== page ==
In another wonderful piece of writing, Amy Harmon of The New York Times continues her exploration of the world of test-tube babies. This time, she looks at sperm donors and their offspring. People are searching for each other from both ends of this strange relationship, often with no help at all form the clinics that broker the sperm donations.

It may seem curious that as impersonal an act as donating sperm could lead to a lifetime of curiosity about the children that resulted. But if it does, perhaps the problem lies with us, and our ready acceptance of the mechanical assumptions of the test-tube baby industry that the genetic material of a woman or a man can simply be substituted for that of another. If you thought that gametes (sperm and eggs) were just biological Legos, read Amy Harmon and you will think again.

Listen to this "donor," years later: "I have this overwhelming desire to meet my genetic offspring," said John Allison, 46, a software engineer in Tucson who donated sperm for easy money as a graduate student in the mid-1980's and never had children of his own. "We'd rent a boat, we'd go fishing. I'd answer anything they had to say."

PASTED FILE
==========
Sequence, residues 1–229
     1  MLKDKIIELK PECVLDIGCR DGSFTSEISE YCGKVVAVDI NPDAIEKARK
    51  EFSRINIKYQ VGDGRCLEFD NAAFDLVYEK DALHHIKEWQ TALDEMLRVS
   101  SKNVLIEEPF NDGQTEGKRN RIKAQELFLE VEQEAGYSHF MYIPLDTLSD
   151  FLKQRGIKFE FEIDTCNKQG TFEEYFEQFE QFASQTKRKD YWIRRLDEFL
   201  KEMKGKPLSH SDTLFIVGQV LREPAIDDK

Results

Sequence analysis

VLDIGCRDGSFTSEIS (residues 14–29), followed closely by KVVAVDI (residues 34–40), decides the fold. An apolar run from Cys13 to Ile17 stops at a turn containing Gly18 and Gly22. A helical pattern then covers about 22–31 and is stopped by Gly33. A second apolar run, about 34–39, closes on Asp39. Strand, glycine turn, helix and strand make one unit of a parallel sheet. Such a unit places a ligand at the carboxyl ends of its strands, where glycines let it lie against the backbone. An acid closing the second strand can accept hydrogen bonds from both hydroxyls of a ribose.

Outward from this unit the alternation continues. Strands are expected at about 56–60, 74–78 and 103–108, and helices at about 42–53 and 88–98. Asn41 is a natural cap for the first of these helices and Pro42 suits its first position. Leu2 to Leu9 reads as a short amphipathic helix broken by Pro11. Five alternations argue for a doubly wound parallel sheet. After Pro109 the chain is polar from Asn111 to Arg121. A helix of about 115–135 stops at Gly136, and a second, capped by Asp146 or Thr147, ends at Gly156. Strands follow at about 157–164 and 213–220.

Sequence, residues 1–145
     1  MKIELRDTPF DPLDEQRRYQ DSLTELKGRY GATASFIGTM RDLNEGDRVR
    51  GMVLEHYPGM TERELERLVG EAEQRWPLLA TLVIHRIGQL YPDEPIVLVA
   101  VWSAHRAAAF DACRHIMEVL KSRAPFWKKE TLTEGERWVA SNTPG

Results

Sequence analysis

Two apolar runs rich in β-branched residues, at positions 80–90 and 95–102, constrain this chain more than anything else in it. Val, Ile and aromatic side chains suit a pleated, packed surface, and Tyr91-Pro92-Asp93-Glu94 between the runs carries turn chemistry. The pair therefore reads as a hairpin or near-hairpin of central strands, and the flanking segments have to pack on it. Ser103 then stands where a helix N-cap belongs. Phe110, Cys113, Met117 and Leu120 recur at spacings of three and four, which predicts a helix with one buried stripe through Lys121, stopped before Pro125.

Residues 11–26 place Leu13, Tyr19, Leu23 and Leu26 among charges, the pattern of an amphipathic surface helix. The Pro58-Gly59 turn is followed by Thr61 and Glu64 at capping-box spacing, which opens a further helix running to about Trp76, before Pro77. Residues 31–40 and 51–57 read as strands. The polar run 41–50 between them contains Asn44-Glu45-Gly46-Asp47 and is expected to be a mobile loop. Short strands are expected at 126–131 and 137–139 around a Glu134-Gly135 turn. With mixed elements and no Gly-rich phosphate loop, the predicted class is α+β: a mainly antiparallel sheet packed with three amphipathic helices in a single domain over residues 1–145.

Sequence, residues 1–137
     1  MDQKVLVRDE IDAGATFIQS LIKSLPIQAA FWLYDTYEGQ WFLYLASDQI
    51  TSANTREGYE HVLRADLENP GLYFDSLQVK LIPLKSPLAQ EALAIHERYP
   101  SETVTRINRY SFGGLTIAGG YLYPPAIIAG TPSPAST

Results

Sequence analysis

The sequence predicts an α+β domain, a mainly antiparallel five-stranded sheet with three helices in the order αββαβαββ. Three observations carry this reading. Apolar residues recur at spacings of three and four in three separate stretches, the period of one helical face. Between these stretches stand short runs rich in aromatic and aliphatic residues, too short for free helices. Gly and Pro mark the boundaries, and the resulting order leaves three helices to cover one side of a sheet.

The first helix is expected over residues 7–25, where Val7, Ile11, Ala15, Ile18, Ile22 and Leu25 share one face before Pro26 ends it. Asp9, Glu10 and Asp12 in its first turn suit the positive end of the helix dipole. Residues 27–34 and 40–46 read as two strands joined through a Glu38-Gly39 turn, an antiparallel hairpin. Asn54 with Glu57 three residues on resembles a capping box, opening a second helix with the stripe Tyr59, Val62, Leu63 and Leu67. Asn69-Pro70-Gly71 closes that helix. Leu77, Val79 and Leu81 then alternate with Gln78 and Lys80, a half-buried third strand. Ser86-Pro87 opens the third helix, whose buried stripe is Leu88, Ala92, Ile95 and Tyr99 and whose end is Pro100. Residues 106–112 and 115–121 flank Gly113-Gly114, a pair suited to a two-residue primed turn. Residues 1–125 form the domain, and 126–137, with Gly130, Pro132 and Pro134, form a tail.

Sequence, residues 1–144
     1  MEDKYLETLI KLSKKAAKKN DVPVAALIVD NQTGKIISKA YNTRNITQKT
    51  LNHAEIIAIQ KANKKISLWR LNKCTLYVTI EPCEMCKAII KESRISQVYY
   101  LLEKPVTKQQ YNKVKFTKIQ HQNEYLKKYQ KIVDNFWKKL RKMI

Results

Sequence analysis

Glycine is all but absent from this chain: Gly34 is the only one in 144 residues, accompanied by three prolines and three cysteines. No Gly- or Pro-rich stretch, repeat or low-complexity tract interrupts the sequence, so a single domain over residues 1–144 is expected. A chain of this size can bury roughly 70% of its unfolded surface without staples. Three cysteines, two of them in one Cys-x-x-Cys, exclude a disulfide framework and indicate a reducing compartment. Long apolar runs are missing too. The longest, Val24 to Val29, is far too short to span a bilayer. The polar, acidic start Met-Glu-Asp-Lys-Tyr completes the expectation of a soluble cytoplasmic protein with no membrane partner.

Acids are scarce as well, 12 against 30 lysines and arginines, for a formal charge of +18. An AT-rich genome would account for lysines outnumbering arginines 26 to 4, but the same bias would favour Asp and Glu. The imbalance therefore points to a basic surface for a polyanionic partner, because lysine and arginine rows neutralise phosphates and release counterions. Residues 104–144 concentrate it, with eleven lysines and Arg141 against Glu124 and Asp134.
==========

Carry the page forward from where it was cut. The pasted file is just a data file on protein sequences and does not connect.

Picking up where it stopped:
The American in vitro industry is essentially unregulated. Some other countries have rules that require or enable disclosure. It seems the pressure is growing here, partly because parents are being more candid with the children and children are seeking the same rights as adoptees (who can discover their biological parents when they are 18). Many children (or parents) have succeeded in connecting with those with whom they now have biological relationships through what seemed originally to be an entirely anonymous process. They have often to put pressure on clinics (for whom anonymity ...

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Life Matters
Nigel M. de S. Cameron is now president and CEO of the Center for Policy on Emerging Technologies. His "Life Matters" column, a commentary on bioethics issues, ran from 2005 to 2006.
Previous Life Matters Columns:
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